The Zen of Clock Modules
This is the clock module section of the Module 1027 Clocked Sequential Control of the ARP 2500 modular synthesizer, circa 1970.
Clock modules provide pulses that trigger the events of a piece. This can be sequencer steps, note on/offs, or any other element that repeats in time.
This ARP clock illustrates the basic clock components: The top knob controls the clock rate, or the duration between the clock pulses. The knob below controls the pulse width, or on-time. This would control, for example, the period a note might sound (the %On time) and the relaxation period between the notes. A reduced %On plays staccato; a full %On plays legato. The lamp just to the right of the knob glows for the duration of the %On to give visual feedback of both the clock rate and the relative on/off periods.
Finally, the two buttons below turn the clock on or off. Clocks are quite simple, but very Zen: their simplicity is apparent but deceptive, and well worth mastering because they are the master control modules.
The basic Clock module in ArtWonk functions the same:
The Dur (duration) input determines the pulse rate, or how fast the clock ticks. The %On input determines the pulse width. The Hold input controls whether the clock is on or off. And the Out output value cycles between 1 and 0, giving both visual feedback and a value that can be applied to other modules.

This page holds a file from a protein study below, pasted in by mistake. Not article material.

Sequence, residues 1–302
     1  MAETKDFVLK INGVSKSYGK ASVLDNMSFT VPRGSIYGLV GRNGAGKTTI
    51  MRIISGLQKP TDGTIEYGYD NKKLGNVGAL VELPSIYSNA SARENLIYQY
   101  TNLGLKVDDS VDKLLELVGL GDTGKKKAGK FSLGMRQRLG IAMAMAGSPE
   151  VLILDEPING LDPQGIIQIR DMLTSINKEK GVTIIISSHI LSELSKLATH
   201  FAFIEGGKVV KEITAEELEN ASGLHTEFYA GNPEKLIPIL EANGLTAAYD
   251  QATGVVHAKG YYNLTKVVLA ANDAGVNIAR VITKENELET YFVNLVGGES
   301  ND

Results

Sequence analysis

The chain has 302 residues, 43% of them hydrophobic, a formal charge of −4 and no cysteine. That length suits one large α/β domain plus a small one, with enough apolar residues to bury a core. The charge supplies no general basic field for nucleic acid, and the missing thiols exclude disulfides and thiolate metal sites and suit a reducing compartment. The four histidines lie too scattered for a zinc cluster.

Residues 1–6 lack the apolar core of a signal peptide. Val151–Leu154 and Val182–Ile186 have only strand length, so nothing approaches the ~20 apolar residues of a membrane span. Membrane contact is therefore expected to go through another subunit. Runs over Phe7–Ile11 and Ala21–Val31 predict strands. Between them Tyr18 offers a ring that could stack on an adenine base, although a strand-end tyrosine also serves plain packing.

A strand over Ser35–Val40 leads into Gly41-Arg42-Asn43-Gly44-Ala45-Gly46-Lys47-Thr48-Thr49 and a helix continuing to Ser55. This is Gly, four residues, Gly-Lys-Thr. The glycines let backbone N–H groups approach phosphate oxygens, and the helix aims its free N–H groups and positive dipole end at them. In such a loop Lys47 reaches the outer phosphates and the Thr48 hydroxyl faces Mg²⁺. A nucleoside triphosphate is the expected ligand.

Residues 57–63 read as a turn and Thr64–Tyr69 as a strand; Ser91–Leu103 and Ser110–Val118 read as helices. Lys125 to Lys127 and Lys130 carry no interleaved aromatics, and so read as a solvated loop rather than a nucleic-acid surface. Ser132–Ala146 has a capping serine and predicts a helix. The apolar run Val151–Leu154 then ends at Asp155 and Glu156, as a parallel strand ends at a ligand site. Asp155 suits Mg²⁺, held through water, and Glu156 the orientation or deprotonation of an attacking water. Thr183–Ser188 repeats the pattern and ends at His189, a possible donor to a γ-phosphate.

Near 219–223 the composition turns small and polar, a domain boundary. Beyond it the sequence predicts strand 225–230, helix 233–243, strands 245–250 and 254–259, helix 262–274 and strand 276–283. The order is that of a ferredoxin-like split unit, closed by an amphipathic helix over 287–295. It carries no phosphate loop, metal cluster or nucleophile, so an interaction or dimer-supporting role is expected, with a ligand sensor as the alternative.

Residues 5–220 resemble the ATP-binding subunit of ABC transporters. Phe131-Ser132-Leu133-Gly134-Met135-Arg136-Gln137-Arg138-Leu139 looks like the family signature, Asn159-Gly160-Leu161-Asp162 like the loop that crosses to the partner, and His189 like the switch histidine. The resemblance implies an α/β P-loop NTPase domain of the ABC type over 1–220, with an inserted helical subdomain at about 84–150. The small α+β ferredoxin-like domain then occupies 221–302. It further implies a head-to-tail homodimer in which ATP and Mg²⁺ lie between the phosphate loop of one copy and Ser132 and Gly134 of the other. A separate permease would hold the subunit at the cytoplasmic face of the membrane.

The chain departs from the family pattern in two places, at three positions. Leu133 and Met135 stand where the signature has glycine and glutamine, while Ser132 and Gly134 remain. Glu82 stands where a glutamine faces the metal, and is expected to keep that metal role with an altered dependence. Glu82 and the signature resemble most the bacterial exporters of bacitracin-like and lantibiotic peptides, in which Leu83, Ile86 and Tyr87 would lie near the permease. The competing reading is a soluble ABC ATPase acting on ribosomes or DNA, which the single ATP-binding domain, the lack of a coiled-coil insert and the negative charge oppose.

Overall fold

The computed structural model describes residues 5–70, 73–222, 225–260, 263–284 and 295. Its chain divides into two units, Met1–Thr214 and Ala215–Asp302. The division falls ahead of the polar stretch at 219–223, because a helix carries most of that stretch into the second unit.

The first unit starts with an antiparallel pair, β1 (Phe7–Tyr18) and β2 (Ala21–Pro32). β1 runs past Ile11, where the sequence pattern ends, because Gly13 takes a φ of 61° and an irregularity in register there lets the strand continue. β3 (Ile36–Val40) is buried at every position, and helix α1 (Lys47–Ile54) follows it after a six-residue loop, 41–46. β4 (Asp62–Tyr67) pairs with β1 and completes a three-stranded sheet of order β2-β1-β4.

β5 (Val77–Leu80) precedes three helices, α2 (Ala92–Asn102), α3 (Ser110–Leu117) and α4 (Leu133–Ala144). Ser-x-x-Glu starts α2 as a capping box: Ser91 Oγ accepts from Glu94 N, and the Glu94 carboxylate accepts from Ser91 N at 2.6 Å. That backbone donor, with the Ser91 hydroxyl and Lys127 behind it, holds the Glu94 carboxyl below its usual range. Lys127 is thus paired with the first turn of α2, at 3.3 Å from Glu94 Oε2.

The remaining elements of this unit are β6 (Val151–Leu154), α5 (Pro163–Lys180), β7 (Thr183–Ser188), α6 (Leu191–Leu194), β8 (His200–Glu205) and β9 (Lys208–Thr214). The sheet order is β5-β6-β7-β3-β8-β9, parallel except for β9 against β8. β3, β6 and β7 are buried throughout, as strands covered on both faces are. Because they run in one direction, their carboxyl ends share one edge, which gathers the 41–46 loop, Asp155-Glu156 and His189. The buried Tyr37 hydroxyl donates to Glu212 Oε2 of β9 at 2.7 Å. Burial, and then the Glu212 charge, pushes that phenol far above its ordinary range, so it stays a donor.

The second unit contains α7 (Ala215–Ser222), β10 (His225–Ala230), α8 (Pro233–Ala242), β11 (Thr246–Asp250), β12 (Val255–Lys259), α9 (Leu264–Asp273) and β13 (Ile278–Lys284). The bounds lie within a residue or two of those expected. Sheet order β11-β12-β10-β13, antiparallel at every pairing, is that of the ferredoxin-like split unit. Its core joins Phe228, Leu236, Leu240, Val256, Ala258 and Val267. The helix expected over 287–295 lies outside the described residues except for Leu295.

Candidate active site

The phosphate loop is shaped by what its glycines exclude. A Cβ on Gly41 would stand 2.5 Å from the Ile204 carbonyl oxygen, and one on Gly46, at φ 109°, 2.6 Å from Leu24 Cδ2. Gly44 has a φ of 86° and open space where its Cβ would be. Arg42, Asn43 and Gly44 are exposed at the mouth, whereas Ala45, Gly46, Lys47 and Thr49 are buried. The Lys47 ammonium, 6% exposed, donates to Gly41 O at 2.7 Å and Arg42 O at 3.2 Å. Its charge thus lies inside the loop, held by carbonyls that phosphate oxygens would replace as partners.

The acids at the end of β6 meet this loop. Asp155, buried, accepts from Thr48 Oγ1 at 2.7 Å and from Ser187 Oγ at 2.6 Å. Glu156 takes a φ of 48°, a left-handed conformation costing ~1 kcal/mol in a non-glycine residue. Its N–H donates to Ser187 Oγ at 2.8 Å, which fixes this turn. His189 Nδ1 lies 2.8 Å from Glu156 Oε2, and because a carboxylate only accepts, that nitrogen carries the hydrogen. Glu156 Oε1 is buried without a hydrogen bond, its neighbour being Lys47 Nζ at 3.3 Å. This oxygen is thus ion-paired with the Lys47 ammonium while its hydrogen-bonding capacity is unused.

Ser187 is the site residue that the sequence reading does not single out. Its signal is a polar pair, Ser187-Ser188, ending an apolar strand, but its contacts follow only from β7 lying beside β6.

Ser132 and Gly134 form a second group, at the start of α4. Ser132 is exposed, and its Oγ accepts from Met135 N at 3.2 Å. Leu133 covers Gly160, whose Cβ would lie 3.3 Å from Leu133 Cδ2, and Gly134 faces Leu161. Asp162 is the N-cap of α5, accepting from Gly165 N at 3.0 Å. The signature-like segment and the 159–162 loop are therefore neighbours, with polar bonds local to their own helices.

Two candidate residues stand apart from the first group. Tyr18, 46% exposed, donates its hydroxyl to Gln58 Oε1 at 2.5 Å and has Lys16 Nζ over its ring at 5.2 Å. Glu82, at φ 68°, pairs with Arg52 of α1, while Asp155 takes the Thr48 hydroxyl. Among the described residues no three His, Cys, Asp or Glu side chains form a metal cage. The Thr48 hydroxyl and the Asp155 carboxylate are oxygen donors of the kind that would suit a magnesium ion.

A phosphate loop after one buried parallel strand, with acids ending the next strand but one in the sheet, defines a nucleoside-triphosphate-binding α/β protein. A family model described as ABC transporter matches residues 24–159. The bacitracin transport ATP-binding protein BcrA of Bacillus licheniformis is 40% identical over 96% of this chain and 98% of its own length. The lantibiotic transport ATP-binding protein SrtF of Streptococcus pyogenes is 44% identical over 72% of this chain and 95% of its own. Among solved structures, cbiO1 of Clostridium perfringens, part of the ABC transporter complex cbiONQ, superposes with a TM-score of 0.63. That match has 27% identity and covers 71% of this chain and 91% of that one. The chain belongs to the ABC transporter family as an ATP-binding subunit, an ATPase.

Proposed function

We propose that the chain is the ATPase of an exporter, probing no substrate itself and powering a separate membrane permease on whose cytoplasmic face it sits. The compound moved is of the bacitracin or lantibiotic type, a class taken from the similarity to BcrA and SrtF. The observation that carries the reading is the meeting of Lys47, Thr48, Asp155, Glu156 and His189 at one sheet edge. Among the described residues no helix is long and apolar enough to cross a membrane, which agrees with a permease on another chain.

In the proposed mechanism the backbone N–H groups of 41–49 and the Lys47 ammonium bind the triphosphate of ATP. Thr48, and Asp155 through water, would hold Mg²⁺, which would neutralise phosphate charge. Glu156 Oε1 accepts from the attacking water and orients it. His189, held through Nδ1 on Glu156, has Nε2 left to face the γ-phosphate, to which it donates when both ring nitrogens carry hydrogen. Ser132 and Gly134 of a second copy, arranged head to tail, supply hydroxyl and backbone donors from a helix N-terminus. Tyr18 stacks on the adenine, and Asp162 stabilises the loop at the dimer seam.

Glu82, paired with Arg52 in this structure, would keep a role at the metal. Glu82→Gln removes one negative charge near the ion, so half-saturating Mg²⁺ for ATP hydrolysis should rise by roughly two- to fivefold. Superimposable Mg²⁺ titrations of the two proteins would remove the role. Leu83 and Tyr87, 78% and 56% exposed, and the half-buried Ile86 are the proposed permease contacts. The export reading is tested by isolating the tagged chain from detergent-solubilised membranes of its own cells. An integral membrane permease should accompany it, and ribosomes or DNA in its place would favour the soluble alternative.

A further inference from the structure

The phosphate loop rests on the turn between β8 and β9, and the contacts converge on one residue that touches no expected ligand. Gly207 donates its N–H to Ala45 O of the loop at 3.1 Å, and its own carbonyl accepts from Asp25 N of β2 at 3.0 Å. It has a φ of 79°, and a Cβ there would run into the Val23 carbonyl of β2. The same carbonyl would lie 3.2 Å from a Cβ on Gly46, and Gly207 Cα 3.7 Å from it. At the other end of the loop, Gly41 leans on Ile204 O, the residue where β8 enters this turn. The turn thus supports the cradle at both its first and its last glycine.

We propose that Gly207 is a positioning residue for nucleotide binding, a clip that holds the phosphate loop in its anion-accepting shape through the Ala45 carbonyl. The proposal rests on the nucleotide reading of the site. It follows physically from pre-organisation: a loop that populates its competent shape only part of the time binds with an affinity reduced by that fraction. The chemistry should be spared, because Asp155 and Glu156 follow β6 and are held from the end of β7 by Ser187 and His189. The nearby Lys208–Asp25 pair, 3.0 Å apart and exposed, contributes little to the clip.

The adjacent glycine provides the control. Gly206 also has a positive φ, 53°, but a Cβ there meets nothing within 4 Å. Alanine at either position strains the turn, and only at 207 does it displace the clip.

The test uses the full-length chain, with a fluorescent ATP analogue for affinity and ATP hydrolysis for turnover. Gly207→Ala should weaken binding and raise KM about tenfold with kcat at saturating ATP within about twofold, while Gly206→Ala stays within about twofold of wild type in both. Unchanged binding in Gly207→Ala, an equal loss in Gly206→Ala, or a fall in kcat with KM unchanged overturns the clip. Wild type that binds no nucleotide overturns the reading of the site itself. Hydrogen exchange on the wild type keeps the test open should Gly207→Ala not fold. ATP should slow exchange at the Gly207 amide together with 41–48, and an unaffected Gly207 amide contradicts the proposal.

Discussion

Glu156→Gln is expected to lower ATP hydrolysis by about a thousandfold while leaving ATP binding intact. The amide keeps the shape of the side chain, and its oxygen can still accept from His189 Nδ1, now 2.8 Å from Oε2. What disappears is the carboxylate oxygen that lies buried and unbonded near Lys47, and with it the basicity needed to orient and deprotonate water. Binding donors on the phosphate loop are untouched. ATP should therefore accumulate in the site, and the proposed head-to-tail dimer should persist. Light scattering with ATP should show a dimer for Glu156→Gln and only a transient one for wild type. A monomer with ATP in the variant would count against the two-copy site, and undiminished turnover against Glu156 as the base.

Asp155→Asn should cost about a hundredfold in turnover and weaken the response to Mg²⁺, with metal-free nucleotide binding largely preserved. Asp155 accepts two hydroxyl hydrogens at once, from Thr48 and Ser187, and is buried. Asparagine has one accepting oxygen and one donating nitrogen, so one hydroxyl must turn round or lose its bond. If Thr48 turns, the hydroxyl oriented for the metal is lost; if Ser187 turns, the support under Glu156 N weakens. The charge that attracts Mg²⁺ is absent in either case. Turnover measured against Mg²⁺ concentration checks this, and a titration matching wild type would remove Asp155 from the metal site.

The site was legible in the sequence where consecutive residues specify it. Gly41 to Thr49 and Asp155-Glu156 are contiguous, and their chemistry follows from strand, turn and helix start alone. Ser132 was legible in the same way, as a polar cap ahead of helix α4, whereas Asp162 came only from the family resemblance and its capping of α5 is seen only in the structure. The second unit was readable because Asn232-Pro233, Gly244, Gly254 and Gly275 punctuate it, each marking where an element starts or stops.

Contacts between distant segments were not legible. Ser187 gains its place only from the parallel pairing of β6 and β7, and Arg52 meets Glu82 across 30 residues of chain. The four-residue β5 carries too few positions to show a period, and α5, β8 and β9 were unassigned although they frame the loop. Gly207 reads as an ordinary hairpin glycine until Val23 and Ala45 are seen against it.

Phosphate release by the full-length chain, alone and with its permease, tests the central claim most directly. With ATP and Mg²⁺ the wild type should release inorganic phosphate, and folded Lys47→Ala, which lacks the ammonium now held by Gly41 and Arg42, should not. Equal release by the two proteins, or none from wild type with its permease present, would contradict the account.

Two Kinds of Clocks
Clock modules like the one above actually mark two events, the leading edg of the clock pulse, which is the the moment of transition from 0 to 1 at the output and marks the start of the clock On cycle; and the falling edge, the transition from 1 to 0, marking the start of the clock Off cycle.
The Deeper Meaning of Clocks
Apart from how clocks function is what clocks do. Essentially clocks mark an event.
Probably the most basic concept to grasp when working with real time algorithmic music software such as ArtWonk, is that ArtWonk itself is a clock because it runs in discrete time steps. The Main Loop clock, which you control with the Main input to the System module,